There I was making all the preparations for Arch’s fifth birthday – cake (tick), presents (tick), balloons (tick), card (tick).
“Now darling,” I said. “There’s something you need to learn and it’s very important.
“When somebody gives you a present, you must say: ‘Thank you very much’ whatever you think of it. Even if you don’t like it, even if you’ve already got it, remember the people who gave it to you have been thoughtful and kind – so thank them.”
Learning to say thank you
I had no faith in Arch’s ability to learn this lesson so, at his party, I was in full control-mode whisking presents out of his hand to avert social calamities. “We’re having far too much fun to open them now, aren’t we?”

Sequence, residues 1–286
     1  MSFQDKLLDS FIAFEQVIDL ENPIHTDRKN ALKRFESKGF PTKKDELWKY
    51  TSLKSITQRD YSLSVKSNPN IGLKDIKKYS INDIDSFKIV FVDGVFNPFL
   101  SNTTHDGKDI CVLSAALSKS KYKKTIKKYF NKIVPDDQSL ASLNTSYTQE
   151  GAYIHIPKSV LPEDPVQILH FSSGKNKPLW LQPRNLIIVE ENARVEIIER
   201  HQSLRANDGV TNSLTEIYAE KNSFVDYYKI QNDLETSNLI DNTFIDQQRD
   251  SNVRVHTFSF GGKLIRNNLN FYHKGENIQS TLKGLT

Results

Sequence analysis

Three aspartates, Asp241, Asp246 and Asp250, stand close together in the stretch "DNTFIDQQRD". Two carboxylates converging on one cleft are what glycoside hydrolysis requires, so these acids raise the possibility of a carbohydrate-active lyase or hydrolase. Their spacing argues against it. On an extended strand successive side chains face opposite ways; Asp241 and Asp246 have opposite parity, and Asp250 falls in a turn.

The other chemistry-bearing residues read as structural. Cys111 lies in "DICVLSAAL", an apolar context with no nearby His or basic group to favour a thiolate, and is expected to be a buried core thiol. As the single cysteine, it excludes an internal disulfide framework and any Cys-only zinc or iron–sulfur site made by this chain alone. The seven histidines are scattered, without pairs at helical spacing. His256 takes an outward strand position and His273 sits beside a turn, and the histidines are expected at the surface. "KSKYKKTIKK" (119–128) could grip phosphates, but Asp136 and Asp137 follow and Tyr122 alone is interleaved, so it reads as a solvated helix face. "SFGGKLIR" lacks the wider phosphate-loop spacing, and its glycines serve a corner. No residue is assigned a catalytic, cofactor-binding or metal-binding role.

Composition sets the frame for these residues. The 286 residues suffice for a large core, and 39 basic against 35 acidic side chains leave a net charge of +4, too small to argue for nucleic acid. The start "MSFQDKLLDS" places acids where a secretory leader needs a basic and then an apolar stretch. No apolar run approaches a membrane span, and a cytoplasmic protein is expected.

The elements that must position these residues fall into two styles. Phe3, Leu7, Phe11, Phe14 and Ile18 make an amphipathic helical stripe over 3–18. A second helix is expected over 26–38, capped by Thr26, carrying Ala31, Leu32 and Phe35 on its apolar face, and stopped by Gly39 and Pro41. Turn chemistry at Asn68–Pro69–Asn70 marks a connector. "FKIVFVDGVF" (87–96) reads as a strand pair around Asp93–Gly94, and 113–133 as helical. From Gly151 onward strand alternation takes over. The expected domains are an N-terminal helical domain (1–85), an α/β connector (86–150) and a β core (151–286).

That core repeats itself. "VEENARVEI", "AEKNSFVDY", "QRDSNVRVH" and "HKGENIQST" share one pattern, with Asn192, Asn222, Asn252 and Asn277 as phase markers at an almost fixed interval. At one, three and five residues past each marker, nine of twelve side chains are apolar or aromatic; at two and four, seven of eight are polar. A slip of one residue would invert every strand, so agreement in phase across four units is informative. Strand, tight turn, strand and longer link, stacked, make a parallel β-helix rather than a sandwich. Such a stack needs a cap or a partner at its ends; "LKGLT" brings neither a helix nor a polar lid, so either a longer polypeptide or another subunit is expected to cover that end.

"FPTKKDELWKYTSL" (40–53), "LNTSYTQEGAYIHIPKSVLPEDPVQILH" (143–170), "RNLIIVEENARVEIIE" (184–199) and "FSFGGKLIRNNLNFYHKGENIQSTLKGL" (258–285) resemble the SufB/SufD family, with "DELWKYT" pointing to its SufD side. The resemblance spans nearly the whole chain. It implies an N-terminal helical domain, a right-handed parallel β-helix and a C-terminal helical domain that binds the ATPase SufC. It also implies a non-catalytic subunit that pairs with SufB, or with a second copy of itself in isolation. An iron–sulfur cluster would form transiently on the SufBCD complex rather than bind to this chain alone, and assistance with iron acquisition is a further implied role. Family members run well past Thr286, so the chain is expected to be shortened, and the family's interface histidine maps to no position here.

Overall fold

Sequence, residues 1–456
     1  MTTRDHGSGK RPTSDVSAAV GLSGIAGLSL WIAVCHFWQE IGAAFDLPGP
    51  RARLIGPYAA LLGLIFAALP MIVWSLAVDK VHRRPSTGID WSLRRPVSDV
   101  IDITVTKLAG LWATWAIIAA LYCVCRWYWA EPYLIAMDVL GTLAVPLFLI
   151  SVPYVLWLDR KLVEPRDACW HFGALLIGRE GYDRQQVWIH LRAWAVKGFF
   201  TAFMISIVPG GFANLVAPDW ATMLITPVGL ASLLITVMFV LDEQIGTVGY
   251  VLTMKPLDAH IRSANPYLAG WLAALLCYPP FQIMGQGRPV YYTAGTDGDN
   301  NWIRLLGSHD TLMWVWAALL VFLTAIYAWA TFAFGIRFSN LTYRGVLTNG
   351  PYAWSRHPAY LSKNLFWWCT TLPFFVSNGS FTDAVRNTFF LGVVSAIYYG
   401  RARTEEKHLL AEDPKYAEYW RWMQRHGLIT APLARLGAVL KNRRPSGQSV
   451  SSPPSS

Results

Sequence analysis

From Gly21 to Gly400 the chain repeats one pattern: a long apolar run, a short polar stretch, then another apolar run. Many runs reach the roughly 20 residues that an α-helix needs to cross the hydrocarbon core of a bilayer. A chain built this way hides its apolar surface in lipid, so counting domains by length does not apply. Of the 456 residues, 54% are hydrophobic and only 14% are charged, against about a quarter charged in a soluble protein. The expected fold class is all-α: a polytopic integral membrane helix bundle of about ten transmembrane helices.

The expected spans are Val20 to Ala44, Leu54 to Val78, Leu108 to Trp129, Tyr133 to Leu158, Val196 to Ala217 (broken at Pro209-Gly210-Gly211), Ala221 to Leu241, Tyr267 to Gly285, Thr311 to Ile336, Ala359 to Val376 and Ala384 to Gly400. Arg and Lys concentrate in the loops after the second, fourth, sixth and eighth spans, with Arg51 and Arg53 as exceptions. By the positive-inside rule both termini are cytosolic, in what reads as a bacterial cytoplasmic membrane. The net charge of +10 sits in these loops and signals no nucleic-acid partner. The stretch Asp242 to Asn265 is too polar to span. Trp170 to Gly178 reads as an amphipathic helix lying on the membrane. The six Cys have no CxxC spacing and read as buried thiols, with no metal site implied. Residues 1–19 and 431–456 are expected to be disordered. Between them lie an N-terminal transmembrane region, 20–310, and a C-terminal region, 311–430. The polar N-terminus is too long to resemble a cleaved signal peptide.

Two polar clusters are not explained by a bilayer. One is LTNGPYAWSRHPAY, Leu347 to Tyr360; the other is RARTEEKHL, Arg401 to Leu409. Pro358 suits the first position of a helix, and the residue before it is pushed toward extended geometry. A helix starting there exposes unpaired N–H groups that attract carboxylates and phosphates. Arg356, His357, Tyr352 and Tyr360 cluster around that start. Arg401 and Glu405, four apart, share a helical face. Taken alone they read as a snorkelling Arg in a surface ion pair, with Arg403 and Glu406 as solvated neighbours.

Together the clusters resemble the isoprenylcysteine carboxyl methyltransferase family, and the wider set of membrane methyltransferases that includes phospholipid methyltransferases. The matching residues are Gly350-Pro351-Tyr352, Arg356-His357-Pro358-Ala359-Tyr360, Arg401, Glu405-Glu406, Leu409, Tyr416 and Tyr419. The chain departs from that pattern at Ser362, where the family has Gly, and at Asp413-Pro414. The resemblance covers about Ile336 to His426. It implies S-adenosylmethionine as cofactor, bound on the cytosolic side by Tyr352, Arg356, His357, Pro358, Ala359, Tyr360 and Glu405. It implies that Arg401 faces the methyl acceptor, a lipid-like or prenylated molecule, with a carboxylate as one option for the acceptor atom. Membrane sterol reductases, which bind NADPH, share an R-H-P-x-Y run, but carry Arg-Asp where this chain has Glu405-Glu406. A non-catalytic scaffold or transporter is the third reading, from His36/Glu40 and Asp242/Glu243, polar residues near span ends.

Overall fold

The crunch came a few days later when friends dropped by with a late present for Arch and we had no reason (pretend or otherwise) not to open it there and then in front of them.
Arch eagerly tore at the wrappings. It was Mr Men pants. I curled my toes – too young for him, not his thing, nothing he could play with…. What was Arch going to say?
“Thank you very much,” he said, confidently looking my friends in the eye.
Afterwards I sat Arch on my knee and told him how proud I was of what he had done.
“Yes,” he said. “I thought I was going to like the present – but I didn’t. It was boring.”
Learning to put on a mask
“It was,” I said, “but you learnt something very important about not hurting people’s feelings. I’m really proud of you darling. Well done.”
But as I said the words, I felt my heart contract.
If what Arch has learnt was so good and useful – why had it made me sad?